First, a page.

Overdose following administration of PRADAXA may lead to haemorrhagic complications due to its pharmacodynamic properties. Doses of PRADAXA beyond those recommended expose the patient to increased risk of bleeding.
In case of an overdose suspicion, coagulation tests can help to determine a bleeding risk (see Pharmacology: Pharmacokinetics under Actions and Precautions). A calibrated quantitative (dTT) test or repetitive dTT measureme nts allow prediction of the time by when certain dabigatran levels will be reached (see Pharmacology under Actions), also in case additional measures e.g. dialysis have been initiated.
Excessive anticoagulation may require discontinuation of PRADAXA.
In the event of haemorrhagic complications, treatment must be discontinued and the source of bleeding investigated. Since dabigatran is excreted predominantly by the renal route adequate diuresis must be maintained.
Depending on the clinical situation appropriate standard treatment, e.g. surgical haemostasis as indicated and blood volume replacement, should be undertaken.
For situations when rapid reversal is required the specific reversal agent (PRAXBIND, idarucizumab) antagonising the pharmacodynamics effect of PRADAXA is available. (See Precautions.)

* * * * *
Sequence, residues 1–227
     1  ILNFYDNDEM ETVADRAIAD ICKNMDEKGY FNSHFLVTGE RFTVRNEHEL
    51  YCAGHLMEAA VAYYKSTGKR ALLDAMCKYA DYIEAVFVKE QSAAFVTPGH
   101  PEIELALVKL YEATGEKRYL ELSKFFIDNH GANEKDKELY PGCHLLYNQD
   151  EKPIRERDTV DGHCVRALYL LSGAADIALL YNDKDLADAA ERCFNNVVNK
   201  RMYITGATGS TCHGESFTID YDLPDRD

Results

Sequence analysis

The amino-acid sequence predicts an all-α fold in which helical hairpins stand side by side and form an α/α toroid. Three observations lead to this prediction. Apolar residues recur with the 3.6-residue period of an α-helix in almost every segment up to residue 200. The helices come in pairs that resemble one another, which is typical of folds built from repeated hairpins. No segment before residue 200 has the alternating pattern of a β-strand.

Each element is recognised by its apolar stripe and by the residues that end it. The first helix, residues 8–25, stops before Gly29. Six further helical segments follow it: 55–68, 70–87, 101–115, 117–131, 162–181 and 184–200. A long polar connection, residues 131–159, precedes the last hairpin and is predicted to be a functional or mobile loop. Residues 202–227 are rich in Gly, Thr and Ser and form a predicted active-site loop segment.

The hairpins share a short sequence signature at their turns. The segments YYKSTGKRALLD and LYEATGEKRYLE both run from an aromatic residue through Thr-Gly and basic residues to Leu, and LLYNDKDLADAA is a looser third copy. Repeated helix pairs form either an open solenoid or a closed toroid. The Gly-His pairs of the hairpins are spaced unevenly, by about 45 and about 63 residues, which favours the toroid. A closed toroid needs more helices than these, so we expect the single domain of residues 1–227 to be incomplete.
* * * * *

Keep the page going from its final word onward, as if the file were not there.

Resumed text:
In addition, consideration may be given to the use of fresh whole blood or fresh frozen plasma.
Coagulation factor concentrations (activated or non-activated) or recombinant Factor VIIa may be taken into account. There is some experimental evidence to support the role of these agents in reversing the anticoagulant effect of dabigatran but their usefulness in clinical settings has not yet been systematically demonstrated. Coagulation tests may become unreliable following administration of suggested reversing medicinal products. Consideration should also be given to administration of platelet concentrates in cases where thrombocytopenia is present or long acting antiplatelet drugs have been used. All symptomatic treatment has to be given according to the physician's judgement.
As protein binding is low, dabigatran is dialysable, however there is limited clinical experience in using dialysis in this setting (see Pharmacology: Pharmacokinetics under Actions).